I always get excited when I come across a new food. Which is why yesterday, when I was at my local farmer’s market, I bought two pounds of rhubarb. It’s not that rhubarb is new, but I’d never seen it for sale and had never tried this vegetable with its distinctive red, celery-like stalks and its unusually tart taste. However, I had read plenty about it and its uses, which are far from normal for a vegetable. You see, while it’s possible to make a savory dish from rhubarb, it’s most often used like a fruit for desserts where its sour taste is balanced with plenty of sugar. Making it even more mysterious is the fact that you can’t eat its leaves, which are toxic to humans, because of the oxalic acid they contain. Let’s just say it’s not your typical vegetable.
Which is why I couldn’t wait to make something with it. Fortunately, there was no shortage of recipes. Some recipes suggested using rhubarb in combination with strawberries or ginger, others called for preserving the vegetable, and I even saw one recipe for soaking rhubarb in vodka with sugar to make a rhubarb schnapps. Ultimately, I decided to use a basic recipe for rhubarb pie found in the cookbook classic, Joy of Cooking, which I adapted to include the cup of strawberries that I had on hand that had passed their peak.
It rained all day which made it a perfect day for baking. The red of the strawberries and the cotton candy pink interior of the rhubarb made the pie look beautiful, but I had to admit I was skeptical. I had eaten a piece of raw rhubarb as I prepped my ingredients and, even though I was braced for it, I found it to be surprisingly piquant with a mouthpuckering effect similar to that of a lemon. It’s texture was crisp, but also quite dense, and it wasn’t the type of vegetable that you could imagine softening enough to make a good filling for a pie. Luckily, I didn’t give up on it. It softened beautifully when cooked and thanks to plenty of sugar it made a wonderful summer treat with a refreshing balance of tang and sweetness. It would be perfect with vanilla ice cream although I had no problems devouring a piece of it on its own.
The only problem? I have a bad habit of loading up my pies with too much filling. While they look bounteous, it’s a recipe for filling your house up with smoke. This pie would prove to be no exception and thirty minutes into cooking it I was summoned downstairs into a gray haze by my dog barking crazily. Thus began a period of momentary chaos as windows were flung open, fans turned on, and a kitchen towel waved below the fire alarm in the hopes of not setting off the fire alarm for what would not be the first time. On a side note, our neighbors love to point out the fact that for having gone to culinary school I seem to set my fire alarm off quite often—something that I blame on a bad ventilation system, although that is beside the point! Needless to say, putting a baking pan on a rack below your pie as it bakes (and replacing it with a clean one as needed) will keep the sugary filling from dripping onto the bottom of your oven, consequently blackening into charred goo, and filling your house not with the aroma of pie baking, but rather with the lovely scent of burning sugar and smoke. Trust me. I’ve been there.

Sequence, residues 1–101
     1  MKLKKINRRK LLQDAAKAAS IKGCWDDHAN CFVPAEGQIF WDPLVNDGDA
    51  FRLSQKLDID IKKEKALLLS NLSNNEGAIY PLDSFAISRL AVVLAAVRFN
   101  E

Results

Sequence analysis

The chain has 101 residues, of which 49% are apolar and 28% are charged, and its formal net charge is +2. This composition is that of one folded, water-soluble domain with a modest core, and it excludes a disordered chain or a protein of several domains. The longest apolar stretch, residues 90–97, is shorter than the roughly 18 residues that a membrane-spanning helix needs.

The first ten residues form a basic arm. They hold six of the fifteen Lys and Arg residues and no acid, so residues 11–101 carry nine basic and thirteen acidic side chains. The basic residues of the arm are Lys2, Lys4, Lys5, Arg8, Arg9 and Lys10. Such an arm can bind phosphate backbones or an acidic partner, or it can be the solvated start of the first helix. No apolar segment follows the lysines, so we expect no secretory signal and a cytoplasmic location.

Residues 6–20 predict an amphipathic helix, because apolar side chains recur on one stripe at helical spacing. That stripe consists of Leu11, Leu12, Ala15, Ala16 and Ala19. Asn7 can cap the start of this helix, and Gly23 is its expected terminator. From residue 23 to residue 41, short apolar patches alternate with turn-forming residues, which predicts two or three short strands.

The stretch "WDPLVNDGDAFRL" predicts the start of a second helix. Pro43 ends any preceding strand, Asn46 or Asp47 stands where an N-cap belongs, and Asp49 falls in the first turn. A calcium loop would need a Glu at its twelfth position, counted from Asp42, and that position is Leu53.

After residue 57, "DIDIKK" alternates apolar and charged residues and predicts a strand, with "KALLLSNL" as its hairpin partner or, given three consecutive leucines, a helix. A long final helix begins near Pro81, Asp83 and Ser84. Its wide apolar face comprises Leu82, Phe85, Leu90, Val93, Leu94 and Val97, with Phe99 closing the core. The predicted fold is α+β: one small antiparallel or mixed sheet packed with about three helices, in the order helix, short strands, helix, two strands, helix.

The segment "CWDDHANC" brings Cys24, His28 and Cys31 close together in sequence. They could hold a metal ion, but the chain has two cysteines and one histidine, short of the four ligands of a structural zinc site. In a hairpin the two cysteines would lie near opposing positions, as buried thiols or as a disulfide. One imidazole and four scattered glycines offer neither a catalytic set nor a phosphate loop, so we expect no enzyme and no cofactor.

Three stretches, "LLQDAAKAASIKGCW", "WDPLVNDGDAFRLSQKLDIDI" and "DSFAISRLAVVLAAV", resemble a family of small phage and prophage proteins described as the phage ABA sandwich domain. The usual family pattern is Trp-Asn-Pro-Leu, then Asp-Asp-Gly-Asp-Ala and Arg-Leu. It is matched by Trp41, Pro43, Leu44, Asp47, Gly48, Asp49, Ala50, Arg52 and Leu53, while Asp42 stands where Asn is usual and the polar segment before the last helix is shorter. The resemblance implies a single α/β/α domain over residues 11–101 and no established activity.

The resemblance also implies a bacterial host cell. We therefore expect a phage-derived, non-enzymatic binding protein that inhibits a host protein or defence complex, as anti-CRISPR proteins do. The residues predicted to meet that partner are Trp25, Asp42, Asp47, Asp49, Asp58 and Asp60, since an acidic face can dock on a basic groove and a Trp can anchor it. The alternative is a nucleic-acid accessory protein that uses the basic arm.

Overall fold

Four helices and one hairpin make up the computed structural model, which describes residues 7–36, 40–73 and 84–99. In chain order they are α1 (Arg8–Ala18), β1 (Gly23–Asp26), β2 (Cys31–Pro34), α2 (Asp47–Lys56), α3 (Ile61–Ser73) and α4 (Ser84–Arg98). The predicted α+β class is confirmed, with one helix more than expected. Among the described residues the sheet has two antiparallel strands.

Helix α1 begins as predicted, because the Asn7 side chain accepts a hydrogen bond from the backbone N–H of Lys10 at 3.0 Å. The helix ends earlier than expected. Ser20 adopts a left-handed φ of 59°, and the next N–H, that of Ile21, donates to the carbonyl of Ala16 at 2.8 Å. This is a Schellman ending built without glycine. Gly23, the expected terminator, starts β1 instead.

With that word of caution in mind, find yourself some rhubarb. Whether you make the recipe for rhubarb pie below or go in an entirely different direction, it will be worth it! Bon appetit!
Rhubarb Pie (with strawberries!)
Adapted from Joy of Cooking recipes for “Rhubarb Pie” and “Basic Pie or Pastry Dough” (citations for these recipes can be found following this recipe)
1.5 lbs Rhubarb, cut into 1-inch pieces
1 cup Strawberries, sliced
1 1/2 cups Sugar, less if rhubarb is particularly sweet
1/4 cup Cornstarch
1/4 teaspoon Salt
Combine all five ingredients in a large bowl and let sit for at least 15 minutes. Stir occasionally to make sure that the sugar and cornstarch are evenly distributed.
2 1/2 cups Flour
1 1/4 teaspoon Salt
3 tablespoons Butter, chilled and cut into small pieces
3/4 cup Vegetable Shortening, chilled
Preheat oven to 425° and put a rack in the bottom third of the oven. Combine flour and salt. Cut butter and vegetable shortening into flour using your hands or a pastry blender until fat is about the size of small peas.
6 Tablespoons Water, ice cold
Slowly add water to flour mixture gently mixing with a fork. The addition of water should result in your dough coming together. Add up to one more tablespoon of water if needed to get dough to come together.
Divide pie dough in half. Take first half and roll out in the shape of a circle. Place in pie crust.
2 Tablespoons Butter, cut into small pieces
Add rhubarb and strawberry mixture into the pie crust. Sprinkle with small pieces of butter.
Roll out second half of pie dough. Cut into strips to create a lattice or you can take the entire piece of dough and cover the pie completely. If you do this,be sure to cut small holes for steam ventilation.
Milk and Granulated Sugar
Brush crust lightly with milk and sprinkle with granulated sugar.
Place pie on rack in the bottom third of your oven and bake for 30 minutes. Turn as needed for even cooking. Reduce heat to 350° F and cook for about 30 minutes more or until filling is bubbling.
Remove from oven and cool completely before serving.
Recipe adapted from the following recipes:
Rombauer, Irma S., Marion Rombauer Becker, and Ethan Becker. ”Rhubarb Pie.” Recipe. Joy of Cooking. New York: Scribner, 2006. p. 680.
Rombauer, Irma S., Marion Rombauer Becker, and Ethan Becker. ”Basic Pie or Pastry Dough.” Recipe. Joy of Cooking. New York: Scribner, 2006. p. 664.